• I'd refactor most of the code into your view. I prefer to pass the required objects to the view and let the view pull the information it needs from the object(s)
  • Rename the variable bag
  • Move the subscription data into your user-model
  • Make the helpers available to your views (especially the charting helper)

This decouples the controller from the display logic. The controller just determines the user to display the dashboard for and the view determines which data to display and how to display it (e.g. you could have to different dashboards (views)).

public function dashboardAction()
{
    return array('user' => $this->getSecurityContext()->getToken()->getUser());
}

In your view (not knowing how views are done in symphony):

// Helpers from service container
$messaging = $this->get('messaging.helper');
$charting  = $this->get('charting.helper');

// Current logged user, subscription and message inhibitor
$loggedUser   = $this->get('user);
$subscription = $messaging->createSubscriptionFromUser($loggedUser);
$usage        = $messaging->createUsageFromSubscription($subscription);

// Display charts from usage raw data
$rawData = $usage->getRawData();
$start   = $usage->getStartDate();
$end     = $usage->getEndDate();

echo $charting->createMessagesLineChart($rawData, $start, $end);
echo $charting->createMessagesPieChart($rawData);

// Display the 5 newest customers
$customers = $loggedUser->getCustomers();

echo $customers->count();
echo $customers->slice(0, 5);

// Display the 5 latest Tags/keywords & total count
$metas       = $loggedUser->getMeta();
$getTags     = function($m) { return $m instanceof Tag; };
$getKeywords = function($m) { return $m instanceof Keyword; };

echo $metas->filter($getTags)->count();
echo $metas->filter($getKeywords)->count();
echo implode(",", $metas->slice(0, 5));

// Display SMS and newsletter counts
$outgoingMessages = $loggedUser->getOutgoingMessages();
$getSms           = function($m) { return $m instanceof SmallTextMessage; };
$getNewsletters   = function($m) { return $m instanceof Newsletter; };

echo $outgoingMessages->filter($getSms)->count();
echo $outgoingMessages->filter($getNewsletters)->count();

Another view of the same dashboardAction just might decide to display only a welcome message, other information, or even be customizable by the user without changing the controller every time (possibly passing the superset of all variables required by any view to each view).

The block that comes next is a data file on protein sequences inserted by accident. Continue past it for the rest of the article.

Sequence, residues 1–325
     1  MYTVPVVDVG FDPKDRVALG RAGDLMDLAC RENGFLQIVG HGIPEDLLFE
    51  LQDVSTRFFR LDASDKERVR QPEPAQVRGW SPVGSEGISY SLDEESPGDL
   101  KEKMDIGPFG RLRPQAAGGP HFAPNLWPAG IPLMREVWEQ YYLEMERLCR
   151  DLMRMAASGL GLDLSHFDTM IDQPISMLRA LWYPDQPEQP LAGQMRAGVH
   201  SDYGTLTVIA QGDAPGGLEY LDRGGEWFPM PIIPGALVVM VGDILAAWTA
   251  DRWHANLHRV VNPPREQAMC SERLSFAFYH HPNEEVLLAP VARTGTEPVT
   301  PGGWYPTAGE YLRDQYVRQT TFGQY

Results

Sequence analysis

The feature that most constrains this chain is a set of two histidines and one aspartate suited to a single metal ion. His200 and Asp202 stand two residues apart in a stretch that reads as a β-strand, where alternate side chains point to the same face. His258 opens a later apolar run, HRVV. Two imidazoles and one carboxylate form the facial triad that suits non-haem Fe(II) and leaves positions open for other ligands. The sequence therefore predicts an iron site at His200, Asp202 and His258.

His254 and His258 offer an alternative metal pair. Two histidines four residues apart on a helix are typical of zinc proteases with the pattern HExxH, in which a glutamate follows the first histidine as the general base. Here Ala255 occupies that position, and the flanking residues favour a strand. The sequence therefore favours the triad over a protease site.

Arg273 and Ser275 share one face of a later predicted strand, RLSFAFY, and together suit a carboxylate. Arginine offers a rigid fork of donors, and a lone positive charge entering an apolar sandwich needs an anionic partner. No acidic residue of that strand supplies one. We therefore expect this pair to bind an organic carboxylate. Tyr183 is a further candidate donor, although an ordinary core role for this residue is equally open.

Going further you might want to move some get logic (which you're doing by filtering) into your model: $getTags = $loggedUser->getMeta()->getTags();

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  • 3
    \$\begingroup\$ This is not a very good example of a view. In fact, its a poor one. Views are supposed to be sparse in PHP code and be primarily HTML. You are combining all three here. Controllers are supposed to get data from the model and pass it to the view in an easy to use manner so that the view does not need to know anything about the controller or model. \$\endgroup\$ – mseancole Jul 19 '12 at 16:57
  • \$\begingroup\$ @showerhead: And it's not the controller's job to decide how the data is going to be displayed (e.g. as a chart). Sure we can argue if we pass an array to the view containing the content of the model or the model directly - resulting in the same result... (forgetting about what happens if we change the model). It's just accessing the data by either array-key or method-call. Ultimately some of the logic should be in the models (see last paragraph) or in view helpers. \$\endgroup\$ – Fge Jul 19 '12 at 19:37
  • \$\begingroup\$ No, its not the controller's job, its the view's. The view will request the chart from the controller, which will then request it from the model. The view should only have to say $chart to get a chart. The controller is responsible for calling the proper methods from the model to create that chart and then declare it as a variable before including the view. This way the only thing you have to change if the model changes is the controller. Which, if done correctly, may not need to be changed either. \$\endgroup\$ – mseancole Jul 19 '12 at 19:49
  • \$\begingroup\$ @showerhead: So far we're both talking about the same idea - mine as a 'lightweight' variant of viewmodels - your's as an array. Beside the chart you're almost returning the same data as I do - letting the view decide which data to display and how. If you want complete decoupling my solution would require complete viewmodels bloating the code for small applications. However using objects would enable lazy- loading/calculating stuff like graphs instead of pre-calculating the superset of required variables. (In my opinion creating charts is the view's task as they are about "displaying stuff".) \$\endgroup\$ – Fge Jul 19 '12 at 22:49
  • \$\begingroup\$ @showerhead: Guess we'll just come to the same result as this discussion here: stackoverflow.com/questions/1371119/… \$\endgroup\$ – Fge Jul 19 '12 at 22:56